WSJ Crossword October 18 2023 Answers (10/18/23)

Here are all of the answers to today's Wall Street Journal Crossword puzzle for October 18 2023 to help you finish it up!
Featured Crossword Answer

Our WSJ Crossword October 18, 2023 answers guide should help you finish today’s crossword if you’ve found yourself stuck on a crossword clue. The Wall Street Journal Crossword is a well-known and respected puzzle that appeals to solvers looking for a challenging and thought-provoking experience. The puzzles are created by a team of skilled constructors and are known for their clever clues, intricate wordplay, and challenging themes. The WSJ Crossword is published daily and offers solvers the opportunity to exercise their minds while enjoying a classic form of entertainment.

WSJ Crossword October 18, 2023 Answers

If you need help solving the WSJ Crossword on 10/18/23, we’ve listed all of the crossword clues below so you can find the answer(s) you need. You can search for the clue and then select the appropriate clue to get the answer. We have done it this way so that if you’re just looking for a handful of clues, you won’t spoil other ones you’re working on!

Looking for answers to another WSJ Crossword puzzle? Check out our archive of WSJ Crossword Answers. Our WSJ Crossword Hints for October 18, 2023 are also available if you prefer not to be immediately spoiled.

2012 Taylor Swift album with six Top 40 hits
Conspicuous canoodling, for short
Former Wisconsin senator Feingold
Beating around the bush, e.g.
Puerto Rican port
Corporate accounting window
Cumbersome to carry
___ mater (nervous system membrane)
Platters for DJs
“Makes sense”
Anago, on a sushi menu
“The Life and Loves of a She-Devil” author Weldon
Fare at Fenway
Naval tradition often featuring a flyover
Braying beast
“Dig in!”
Catches, as a criminal
Max Factor Erace, e.g.
Situation marked by ineptitude
“Sweet but Psycho” singer ___ Max
Premise to prove
Help with a heist
Dye variety
“Evita” role
Trumpet sound
Storybook starter, and what you’ll find three instances of in this puzzle
Below, to bards
Halloween decorations
Quattro preceder
MLB player with a “curly W” cap
Look for trouble?
Munich “merci”
ATM entry
Dwarf with glasses
Darth Vader’s childhood nickname
Kauffman Stadium team
French article
Surf-and-turf morsel
Mascot of Slytherin house
For example
Ballet bends
Sneak ___ (look quickly)
“Back to the Future” antagonist
Fresh quality
Farm females
Hydrocarbon suffix
Quick point for Alcaraz
Dollar divs.
Tiny bit
Heading for Phileas Fogg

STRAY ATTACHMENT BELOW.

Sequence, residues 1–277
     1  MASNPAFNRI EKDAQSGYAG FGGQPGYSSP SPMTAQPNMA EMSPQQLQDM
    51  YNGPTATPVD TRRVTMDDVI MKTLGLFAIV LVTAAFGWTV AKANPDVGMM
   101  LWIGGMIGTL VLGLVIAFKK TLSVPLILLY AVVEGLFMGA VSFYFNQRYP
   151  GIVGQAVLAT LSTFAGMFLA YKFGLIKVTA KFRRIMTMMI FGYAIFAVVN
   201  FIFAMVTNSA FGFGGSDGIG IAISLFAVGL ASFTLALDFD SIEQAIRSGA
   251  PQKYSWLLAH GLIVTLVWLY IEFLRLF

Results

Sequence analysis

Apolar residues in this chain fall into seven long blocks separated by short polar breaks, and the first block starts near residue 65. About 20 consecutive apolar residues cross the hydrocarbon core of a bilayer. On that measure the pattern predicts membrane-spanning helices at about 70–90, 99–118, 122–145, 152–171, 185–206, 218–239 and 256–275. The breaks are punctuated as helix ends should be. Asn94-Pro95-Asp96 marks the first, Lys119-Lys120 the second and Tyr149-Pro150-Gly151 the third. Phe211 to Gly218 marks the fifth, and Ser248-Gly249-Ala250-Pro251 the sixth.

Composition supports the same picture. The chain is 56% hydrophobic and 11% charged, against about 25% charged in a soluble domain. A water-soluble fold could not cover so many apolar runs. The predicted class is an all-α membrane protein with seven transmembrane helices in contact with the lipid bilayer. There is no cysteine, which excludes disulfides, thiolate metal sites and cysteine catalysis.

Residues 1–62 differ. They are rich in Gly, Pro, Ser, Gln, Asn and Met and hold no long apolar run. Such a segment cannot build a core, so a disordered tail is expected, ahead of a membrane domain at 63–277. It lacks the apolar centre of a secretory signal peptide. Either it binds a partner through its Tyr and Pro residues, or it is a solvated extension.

Coins that preceded francs
___ Lingus
Valley for vineyards
Wonder Woman’s people
Unsavory character
Surprised sounds
“There’s ___ in team”
Ritchie Valens song in the Grammy Hall of Fame
Hillary’s conquest
Be worthy
“You get the point”
Casual affirmative
Down-to-earth visitor?
Incidentally, in initials
Alaska Day mo.
Negative link
Japan’s longest-serving prime minister

The WSJ Crossword is a daily crossword puzzle that is published in The Wall Street Journal newspaper and on its website. The puzzle is known for its challenging difficulty level, clever wordplay, and witty themes.

WSJ Crossword
Imaged via WSJ Crossword

The WSJ Crossword was first introduced in 2008, and has since become a popular source of entertainment and mental stimulation for crossword enthusiasts around the world. The puzzle is created by a team of experienced crossword constructors, who are known for their creativity and skill in the field of crossword puzzles.

WSJ Crossword
Image via Wall Street Journal

One of the unique features of the WSJ Crossword is its emphasis on finance and business-related themes. The puzzle often includes clues and answers related to the world of economics, investing, and business news.

If you’ve enjoyed this crossword, consider playing one of the other popular crosswords we cover, including: New York Times Crossword (and Mini), Daily Themed Crossword (and Mini), LA Times Crossword, and USA Today Crossword.

Christine Mielke

Christine Mielke

Christine Mielke has been writing content for the web for over 15 years. She is well-known for concise, informative content and her transparency. Christine is a 2011 graduate of Santa Clara University’s JD/MBA program, after having graduated in 2007 from University of California, Irvine with B.A. in Economics and B.A. in Political Science.

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